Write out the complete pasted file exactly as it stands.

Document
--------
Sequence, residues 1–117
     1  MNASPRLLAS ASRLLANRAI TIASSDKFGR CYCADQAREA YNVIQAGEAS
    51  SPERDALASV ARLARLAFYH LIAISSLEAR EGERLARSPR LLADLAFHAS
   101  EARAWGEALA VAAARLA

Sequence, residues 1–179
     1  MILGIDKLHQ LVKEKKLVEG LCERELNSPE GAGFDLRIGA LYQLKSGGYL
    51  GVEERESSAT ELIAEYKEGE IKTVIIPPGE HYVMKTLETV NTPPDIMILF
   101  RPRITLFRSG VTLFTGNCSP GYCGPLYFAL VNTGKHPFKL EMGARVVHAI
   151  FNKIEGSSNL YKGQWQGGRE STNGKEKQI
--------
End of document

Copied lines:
Sequence, residues 1–117
     1  MNASPRLLAS ASRLLANRAI TIASSDKFGR CYCADQAREA YNVIQAGEAS
    51  SPERDALASV ARLARLAFYH LIAISSLEAR EGERLARSPR LLADLAFHAS
   101  EARAWGEALA VAAARLA

Sequence, residues 1–179
     1  MILGIDKLHQ LVKEKKLVEG LCERELNSPE GAGFDLRIGA LYQLKSGGYL
    51  GVEERESSAT ELIAEYKEGE IKTVIIPPGE HYVMKTLETV NTPPDIMILF
   101  RPRITLFRSG VTLFTGNCSP GYCGPLYFAL VNTGKHPFKL EMGARVVHAI
   151  FNKIEGSSNL YKGQWQGGRE STNGKEKQI